We’ve all read about the American Revolution in history books and know the story, for the most part – how a ragtag team of soldiers was able to defeat a global superpower leading to the birth of America. However, after visiting one of Philly’s newest museums, the Museum of the American Revolution in Old City (3rd and Chestnut), I’ve realized that there is a huge difference between reading these facts in a history book and experiencing them firsthand.
As part of my internship on the Student Engagement team with Campus Philly, I had the pleasure of visiting the museum and it was absolutely incredible. I started my visit by watching a short film about the Revolutionary War and how this act of defiance against the British instilled a long standing value of activism in American culture.
From there I walked through the entire exhibit, starting with life in America just as Britain began to impose serious taxes. As I traveled through time I was not only able to read different facts about history, but could also see artifacts from the time period, ranging from swords to muskets, to even notebooks detailing the supplies the Revolutionaries had in their possession. By far the most surprising, and awesome, part about this museum was the ability for visitors to actually touch some of the exhibits. I touched a very old Revolutionary-era cannon!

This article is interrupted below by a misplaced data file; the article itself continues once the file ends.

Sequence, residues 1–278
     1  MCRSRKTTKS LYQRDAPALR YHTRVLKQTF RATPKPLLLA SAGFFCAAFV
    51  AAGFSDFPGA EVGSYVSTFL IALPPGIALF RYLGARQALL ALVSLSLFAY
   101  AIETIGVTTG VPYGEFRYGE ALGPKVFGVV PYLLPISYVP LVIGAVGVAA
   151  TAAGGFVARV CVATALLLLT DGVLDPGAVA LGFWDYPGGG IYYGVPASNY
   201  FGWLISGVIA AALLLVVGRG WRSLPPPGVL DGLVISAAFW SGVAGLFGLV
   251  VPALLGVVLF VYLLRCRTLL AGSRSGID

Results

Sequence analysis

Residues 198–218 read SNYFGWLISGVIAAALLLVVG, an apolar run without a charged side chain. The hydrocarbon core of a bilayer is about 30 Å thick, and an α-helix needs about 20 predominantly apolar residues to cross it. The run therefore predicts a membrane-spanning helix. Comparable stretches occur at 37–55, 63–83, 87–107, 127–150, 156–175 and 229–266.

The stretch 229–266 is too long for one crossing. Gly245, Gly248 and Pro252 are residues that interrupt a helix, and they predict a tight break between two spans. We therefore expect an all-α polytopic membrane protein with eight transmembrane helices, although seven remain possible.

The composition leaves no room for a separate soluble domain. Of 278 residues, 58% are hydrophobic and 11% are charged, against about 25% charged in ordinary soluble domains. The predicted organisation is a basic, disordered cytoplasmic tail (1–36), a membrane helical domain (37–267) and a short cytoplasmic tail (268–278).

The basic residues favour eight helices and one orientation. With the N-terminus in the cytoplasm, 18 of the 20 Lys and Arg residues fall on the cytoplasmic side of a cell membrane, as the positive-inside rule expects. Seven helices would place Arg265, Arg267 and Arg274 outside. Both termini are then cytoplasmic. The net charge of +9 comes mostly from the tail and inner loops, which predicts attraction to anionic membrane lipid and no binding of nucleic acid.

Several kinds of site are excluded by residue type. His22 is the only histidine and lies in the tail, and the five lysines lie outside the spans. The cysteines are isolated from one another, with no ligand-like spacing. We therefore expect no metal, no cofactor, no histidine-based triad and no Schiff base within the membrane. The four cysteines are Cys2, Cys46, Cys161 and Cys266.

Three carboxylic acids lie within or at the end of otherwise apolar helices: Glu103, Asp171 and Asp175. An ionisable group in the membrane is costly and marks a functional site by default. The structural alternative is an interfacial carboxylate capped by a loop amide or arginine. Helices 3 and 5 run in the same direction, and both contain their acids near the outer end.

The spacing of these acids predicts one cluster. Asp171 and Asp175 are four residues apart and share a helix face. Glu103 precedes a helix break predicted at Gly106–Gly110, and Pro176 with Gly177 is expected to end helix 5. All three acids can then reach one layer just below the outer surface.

Some of the most fascinating exhibits were the Faces of the American Revolution, the interactive battle, and testimonies from soldiers. The Faces of the American Revolution was a portrait gallery featuring the stories of the last surviving Revolutionaries and the roles they played in gaining America’s Independence. The interactive battles gave me the chills – the exhibit truly made me feel the terror of what it was like to be a soldier on the front lines of some of the biggest battles in the war. Reading what the soldiers experienced on both sides of the conflict humanized their stories, and put into perspective all that they had to overcome, from impossibly rough weather to limited supplies.
One of the most intriguing facts I learned was that the victory was not achieved by solely white colonists, but that the war was also fought by slaves and Native Americans who also sought freedom, and fought to live peacefully in this country. Surprisingly, slaves in the colonies were divided, with some supporting the Revolutionaries and others supporting the British. I loved how the museum was not just focused on the Founding Fathers, but on all parties involved in the war. I found it really interesting to see how this revolution provided women with a basis to start advocating for their own rights. I learned so much!
Seeing the struggles that America’s ancestors faced truly showed me that with perseverance and working together toward a common goal, anything can be accomplished. It is the American way to always fight for what is right.
This museum is perfect for all ages with specific spots designated for kids to have a hands-on experience learning about the struggles the Revolutionaries faced. If you’re interested in the history of our country, or just need an indoor activity to do on a hot day this summer, don’t miss out on the Museum of the American Revolution. Learn more about this museum on Campus Philly’s Open Arts website, and follow us on Instagram to learn about special events taking place at the museum. Thanks for following along and stay tuned for more insider looks at Philly’s incredible arts and cultural institutions! – Thomas